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Living Normally While Battling Celiac Is Like:

drowning in an ocean while

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#31 kareng

 
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Posted 14 February 2013 - 10:53 AM

Before she added/ edited, it sounded like she was saying it is impossible to live with Celiac at all. Just as it isn't possible to plug your computer into a whale. By asking everyone for analogies of how impossible it is to be a Celiac, I felt that was very negative and perhaps a sign of depression. She has tried to explain that that is not the case, so ....great.

How we live " normally" is different for everyone. I felt it would be discouraging for every newly diagnosed Celiac to read a bunch of us posting that it is not possible to live a good life or to ever feel good. The majority of Celiacs, living their lives , hopefully happily and " normally", aren't on a help forum.
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Thanksgiving dinners take 18 hours to prepare.  They are consumed in 12 minutes.  Half-times take 12 minutes.  This is not a coincidence.  - Emma Bombeck
 
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#32 jordan shulak

 
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Posted 14 February 2013 - 11:34 AM

I tried to live normally, for 30 years even though my body fought a horrendous war on gluten. I had been told to ignore my symptoms and live like they are not there. I had been told that my problems were all in my head. The Md lightlysaid to give up gluten, as if it were as easy as giving up excercise for lent.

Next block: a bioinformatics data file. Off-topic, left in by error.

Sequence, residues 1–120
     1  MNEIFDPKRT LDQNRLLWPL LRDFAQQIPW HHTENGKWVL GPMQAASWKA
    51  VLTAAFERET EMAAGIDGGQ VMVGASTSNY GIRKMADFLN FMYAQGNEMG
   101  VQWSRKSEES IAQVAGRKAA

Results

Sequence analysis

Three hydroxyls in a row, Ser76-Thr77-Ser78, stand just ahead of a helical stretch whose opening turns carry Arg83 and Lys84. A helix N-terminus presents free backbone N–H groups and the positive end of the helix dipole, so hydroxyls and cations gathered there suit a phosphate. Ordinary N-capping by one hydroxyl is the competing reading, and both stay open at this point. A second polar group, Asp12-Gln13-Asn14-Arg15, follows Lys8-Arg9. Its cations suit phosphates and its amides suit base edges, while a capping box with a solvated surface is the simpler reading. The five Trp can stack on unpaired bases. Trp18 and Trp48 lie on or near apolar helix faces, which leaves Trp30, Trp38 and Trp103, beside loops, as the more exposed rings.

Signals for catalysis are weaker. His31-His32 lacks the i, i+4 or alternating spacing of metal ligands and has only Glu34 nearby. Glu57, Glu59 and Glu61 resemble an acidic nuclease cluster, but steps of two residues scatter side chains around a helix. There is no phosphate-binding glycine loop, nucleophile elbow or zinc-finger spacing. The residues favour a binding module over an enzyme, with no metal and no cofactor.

I am thinking that Living normally while battling celiac is like: (Well perhaps I haven't tried all of these)

Drowning in a stormy ocean while ignoring the waves.

Picking up 100 lb weight and running a marathon.

Racing the 100 yard dash on an uncasted-broken leg.

Plugging in your computer in the belly of a fish. (I don't think Jonah did.)
.
If my mind is a little muddled, or the imagination a little too sharp what do you think you can blame?

Note, I have edited this to make it clear. Regretfully, the replies that helped me to know how to change it, may be confusing to future readers. I will take full credit for this, so please do receive them gracefully.


I like your post! CeliacAwareness! Posted to my FB page and told all my family/friends to read if they wanted to know what living with Celiac feels like. You have no idea until you are directly affected! Thank you!
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#33 love2travel

 
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Posted 14 February 2013 - 11:55 AM

Initially my diagnosis shocked and stunned me. I was really thrown for a loop as I was not expecting it. In time, however, it became my new normal which is pretty normal to me. I'm a fabulous cook and have no trouble with that end of things. I am eating better than ever before and have chosen to learn from this. I've learned about tons of kinds of flours I had not baked with before which is fun. Same with interesting grains, etc. The thing that bothers me on a daily basis is this crazy back/body pain that just does not ever give up. Much of it is from an accident five years ago (herniated discs, blah blah blah) but I'm guessing part of it is due to celiac. Am working on it! It is normal for me to lie down on the floor when we have company, it is normal for me to lie down in the vehicle when traveling (obviously not driving! :P ), it is normal for me to take my lumbar support to church, eating at restaurants (which I rarely do)... It is very hard to take but I make the most of my days. When I must lie down all day, I turn to my stacks of books and my fun game apps. The days I can get around I cook like mad. Distractions and doing things I love help tremendously.